Oregonians are starting to feel real impacts of climate change here at home. Dried up riverbeds, warming oceans, declining crustaceans, hotter summers, drought, and decreasing snow pack have unfortunately become a new normal. While many of the solutions to curbing climate change are global in scale and complex in nature, Oregon has a surprisingly significant role to play.
While serving as the lungs of our planet, providing oxygen and storing carbon pollution, our forests are also hard at work protecting us from other climate change impacts. Keeping our rivers cold and clean protecting us from drought, providing reliable sources of clean drinking water, and supporting high quality wildlife habitat ensures our ecosystems remain intact.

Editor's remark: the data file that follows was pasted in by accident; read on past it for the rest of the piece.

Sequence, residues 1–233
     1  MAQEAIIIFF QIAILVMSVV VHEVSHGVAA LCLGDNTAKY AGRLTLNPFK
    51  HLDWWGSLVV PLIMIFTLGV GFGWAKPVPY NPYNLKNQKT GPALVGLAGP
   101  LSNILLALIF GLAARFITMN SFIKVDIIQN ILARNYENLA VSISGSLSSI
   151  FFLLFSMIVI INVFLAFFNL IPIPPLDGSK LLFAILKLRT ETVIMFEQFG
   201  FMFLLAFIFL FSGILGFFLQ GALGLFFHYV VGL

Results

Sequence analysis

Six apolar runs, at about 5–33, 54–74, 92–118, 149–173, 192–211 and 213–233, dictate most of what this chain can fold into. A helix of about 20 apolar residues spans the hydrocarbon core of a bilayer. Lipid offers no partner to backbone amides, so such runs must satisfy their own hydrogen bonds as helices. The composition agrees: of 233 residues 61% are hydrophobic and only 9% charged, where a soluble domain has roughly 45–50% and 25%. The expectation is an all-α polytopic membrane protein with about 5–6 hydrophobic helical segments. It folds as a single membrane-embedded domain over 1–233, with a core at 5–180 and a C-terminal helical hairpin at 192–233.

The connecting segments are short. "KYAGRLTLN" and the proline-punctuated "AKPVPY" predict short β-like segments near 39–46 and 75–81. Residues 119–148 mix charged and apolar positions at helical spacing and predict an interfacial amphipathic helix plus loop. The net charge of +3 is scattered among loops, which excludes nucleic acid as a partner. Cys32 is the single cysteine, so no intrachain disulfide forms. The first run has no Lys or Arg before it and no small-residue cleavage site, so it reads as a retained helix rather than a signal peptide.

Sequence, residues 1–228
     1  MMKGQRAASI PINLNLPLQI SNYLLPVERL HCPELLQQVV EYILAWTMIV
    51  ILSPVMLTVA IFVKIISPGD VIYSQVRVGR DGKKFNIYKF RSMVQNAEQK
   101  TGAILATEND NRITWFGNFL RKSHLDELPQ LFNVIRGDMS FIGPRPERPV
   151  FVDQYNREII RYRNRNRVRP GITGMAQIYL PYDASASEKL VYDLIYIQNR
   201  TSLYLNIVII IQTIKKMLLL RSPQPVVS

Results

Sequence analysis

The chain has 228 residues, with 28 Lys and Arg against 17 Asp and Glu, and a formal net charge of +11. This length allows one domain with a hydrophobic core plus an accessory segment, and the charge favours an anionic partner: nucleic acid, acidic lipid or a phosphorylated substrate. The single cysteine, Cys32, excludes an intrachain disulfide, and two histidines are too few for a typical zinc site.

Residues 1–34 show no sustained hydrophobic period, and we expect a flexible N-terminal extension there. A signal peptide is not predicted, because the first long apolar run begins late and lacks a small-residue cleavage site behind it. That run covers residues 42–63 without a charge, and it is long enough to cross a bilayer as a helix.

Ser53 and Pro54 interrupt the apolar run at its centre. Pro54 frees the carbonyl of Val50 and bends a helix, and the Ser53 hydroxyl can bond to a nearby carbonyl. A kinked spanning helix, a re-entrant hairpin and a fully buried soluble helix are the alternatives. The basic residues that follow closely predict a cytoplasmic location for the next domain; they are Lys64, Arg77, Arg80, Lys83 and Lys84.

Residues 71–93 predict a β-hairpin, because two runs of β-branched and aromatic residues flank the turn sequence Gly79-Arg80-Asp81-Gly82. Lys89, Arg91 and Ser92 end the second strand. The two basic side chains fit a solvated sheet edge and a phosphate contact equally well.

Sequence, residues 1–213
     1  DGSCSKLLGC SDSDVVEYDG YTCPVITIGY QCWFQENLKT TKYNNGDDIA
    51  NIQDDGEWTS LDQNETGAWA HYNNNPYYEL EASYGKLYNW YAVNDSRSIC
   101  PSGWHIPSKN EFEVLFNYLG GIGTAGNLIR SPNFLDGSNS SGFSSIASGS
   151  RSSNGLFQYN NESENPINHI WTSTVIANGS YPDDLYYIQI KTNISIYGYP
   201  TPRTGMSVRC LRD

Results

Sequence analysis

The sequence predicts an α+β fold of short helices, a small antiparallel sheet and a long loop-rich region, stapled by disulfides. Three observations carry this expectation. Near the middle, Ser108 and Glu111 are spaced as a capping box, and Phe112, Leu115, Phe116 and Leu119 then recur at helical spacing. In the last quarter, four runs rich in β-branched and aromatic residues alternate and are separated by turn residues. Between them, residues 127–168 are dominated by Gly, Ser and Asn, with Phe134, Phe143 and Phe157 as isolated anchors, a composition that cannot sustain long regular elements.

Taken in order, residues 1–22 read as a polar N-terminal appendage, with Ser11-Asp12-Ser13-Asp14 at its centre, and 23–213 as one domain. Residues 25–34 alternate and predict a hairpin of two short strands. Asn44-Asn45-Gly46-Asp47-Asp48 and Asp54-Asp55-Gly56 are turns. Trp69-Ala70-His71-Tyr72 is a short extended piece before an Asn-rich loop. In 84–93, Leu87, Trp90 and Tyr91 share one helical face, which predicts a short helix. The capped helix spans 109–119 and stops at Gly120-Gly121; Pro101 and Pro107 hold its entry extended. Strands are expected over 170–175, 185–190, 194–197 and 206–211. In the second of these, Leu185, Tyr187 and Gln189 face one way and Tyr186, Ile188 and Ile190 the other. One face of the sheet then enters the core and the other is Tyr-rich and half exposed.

The Carbon Connection
Many issues must be addressed in the climate change conversation across the country and planet such as energy, transportation and agriculture. Oregon is home to 6 of the top 10 carbon capturing forests in the United States, and one of the best things that Oregonians can do here at home to slow the impacts of climate change is to simply protect our backyard forests.
The mature forests in this part of Oregon are one of our top tools in the fight against climate change. These forests not only provide oxygen, they capture incredible amounts of carbon and can store it for centuries. In fact, 3 of the top 10 carbon capturing forests in the United States overlap the proposed Crater Lake Wilderness, including the Rogue, the Umpqua and Willamette National Forests.
Unfortunately, Oregon has already lost 500,000 acres to deforestation since 2000. While much of that is on state or private timber industry land, that makes our remaining publicly owned national forests work that much harder for us.
It is time to provide a critical buffer as humans and wildlife adjust to a changing climate and protect our incredible carbon capturing forests for our future generations of Oregonians. The Crater Lake Wilderness Proposal aims to do just that.